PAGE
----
The Federal Housing Administration has played a key role in the housing market since the mortgage crisis, backing about one-third of all new mortgages for home purchases.
But there is a growing concern that FHA, which is funded through mortgage-insurance premiums, could run out of money if the economic recovery doesn't pick up steam, The Wall Street Journal reports.
A forthcoming study commissioned by the conservative American Enterprise Institute says that FHA faces about $50 billion in losses in the coming years, largely due to loans made during the peak of the financial crisis. The study isn't the first to predict that the agency would go broke, and it may have political consequences. Some Republicans have called on FHA to begin raising down payments, The Journal said. The study, along with the FHA's own annual financial report, due out next week, could also spark renewed debate over the role of the government in shoring up the weak housing market.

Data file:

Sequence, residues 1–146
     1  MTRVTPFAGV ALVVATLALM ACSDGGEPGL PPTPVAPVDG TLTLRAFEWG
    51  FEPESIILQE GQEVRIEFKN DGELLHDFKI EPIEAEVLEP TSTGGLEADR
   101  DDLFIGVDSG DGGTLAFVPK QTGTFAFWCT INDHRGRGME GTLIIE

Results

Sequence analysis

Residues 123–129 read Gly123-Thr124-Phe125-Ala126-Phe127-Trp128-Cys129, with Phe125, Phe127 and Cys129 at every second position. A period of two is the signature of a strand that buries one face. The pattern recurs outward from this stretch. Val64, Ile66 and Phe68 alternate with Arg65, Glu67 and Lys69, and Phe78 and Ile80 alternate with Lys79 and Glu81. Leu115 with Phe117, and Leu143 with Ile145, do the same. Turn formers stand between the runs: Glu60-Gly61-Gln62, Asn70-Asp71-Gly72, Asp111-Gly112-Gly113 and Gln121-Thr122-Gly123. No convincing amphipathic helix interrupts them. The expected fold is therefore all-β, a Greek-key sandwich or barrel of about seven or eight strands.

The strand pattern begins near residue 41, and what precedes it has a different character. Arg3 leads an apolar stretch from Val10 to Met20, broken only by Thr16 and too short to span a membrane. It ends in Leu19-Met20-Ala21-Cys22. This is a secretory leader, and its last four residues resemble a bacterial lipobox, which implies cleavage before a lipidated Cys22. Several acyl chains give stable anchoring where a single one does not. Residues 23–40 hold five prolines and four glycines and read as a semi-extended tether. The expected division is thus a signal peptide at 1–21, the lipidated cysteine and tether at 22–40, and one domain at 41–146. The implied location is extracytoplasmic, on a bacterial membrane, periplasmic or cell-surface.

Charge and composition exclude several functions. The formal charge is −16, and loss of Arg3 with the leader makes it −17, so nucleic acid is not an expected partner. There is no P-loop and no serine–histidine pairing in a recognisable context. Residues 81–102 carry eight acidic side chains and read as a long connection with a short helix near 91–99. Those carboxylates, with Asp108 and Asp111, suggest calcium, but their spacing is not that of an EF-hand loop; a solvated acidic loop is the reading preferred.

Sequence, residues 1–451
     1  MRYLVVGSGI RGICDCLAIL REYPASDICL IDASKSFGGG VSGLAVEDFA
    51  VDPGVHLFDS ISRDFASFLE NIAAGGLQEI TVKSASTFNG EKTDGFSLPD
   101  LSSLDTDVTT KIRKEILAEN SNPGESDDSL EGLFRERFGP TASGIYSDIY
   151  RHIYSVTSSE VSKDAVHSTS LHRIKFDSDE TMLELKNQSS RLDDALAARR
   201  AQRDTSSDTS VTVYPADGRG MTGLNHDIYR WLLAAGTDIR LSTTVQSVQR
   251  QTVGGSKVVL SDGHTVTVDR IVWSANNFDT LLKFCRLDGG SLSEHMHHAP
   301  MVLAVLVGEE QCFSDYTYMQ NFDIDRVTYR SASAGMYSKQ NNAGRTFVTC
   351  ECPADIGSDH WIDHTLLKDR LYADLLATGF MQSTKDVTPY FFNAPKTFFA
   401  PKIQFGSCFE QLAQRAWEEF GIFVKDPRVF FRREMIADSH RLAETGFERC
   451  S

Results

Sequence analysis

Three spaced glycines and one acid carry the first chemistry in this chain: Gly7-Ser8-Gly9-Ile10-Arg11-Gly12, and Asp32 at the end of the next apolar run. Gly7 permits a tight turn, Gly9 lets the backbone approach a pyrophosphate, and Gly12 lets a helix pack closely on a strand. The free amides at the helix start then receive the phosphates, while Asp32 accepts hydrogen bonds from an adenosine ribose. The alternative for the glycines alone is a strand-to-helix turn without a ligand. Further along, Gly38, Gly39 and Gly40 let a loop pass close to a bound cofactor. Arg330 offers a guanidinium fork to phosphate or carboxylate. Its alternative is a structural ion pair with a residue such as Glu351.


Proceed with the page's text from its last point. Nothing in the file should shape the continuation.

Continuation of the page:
FHA officials have tried to boost the agency's coffers by raising insurance premiums for borrowers and down-payment requirements for certain borrowers. If FHA runs out of money, it can draw on Treasury Department funds without needing congressional appropriation. It would be the agency's first taxpayer bailout since its inception 77 years ago.